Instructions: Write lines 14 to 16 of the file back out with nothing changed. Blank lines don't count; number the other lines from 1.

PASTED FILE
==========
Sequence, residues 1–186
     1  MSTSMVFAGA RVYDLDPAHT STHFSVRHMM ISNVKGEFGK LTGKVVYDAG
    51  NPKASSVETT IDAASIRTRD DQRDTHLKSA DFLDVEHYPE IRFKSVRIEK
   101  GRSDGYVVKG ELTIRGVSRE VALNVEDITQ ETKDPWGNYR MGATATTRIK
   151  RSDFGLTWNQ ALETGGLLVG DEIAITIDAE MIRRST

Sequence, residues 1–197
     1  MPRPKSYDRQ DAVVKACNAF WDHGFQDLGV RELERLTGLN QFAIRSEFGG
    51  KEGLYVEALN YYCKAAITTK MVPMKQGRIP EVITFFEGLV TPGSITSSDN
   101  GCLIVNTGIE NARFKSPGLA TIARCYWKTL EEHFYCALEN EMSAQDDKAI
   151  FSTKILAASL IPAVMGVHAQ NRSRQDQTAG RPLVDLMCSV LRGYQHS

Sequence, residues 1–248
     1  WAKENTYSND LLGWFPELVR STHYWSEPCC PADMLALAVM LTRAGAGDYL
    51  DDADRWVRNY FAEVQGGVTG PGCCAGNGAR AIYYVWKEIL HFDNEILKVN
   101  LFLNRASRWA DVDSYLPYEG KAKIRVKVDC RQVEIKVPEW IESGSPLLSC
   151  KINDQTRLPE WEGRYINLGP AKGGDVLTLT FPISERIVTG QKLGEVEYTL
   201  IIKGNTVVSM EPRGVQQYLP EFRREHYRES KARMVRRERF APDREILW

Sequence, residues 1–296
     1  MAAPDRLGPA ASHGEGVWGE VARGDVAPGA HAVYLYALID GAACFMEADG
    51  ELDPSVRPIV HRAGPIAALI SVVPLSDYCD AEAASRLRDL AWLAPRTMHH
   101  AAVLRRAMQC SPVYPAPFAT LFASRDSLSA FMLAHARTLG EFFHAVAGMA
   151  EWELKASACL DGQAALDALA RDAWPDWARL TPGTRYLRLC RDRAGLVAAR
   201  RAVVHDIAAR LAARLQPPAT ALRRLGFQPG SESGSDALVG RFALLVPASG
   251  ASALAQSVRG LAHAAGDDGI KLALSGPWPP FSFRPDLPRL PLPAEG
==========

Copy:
   101  LFLNRASRWA DVDSYLPYEG KAKIRVKVDC RQVEIKVPEW IESGSPLLSC
   151  KINDQTRLPE WEGRYINLGP AKGGDVLTLT FPISERIVTG QKLGEVEYTL
   201  IIKGNTVVSM EPRGVQQYLP EFRREHYRES KARMVRRERF APDREILW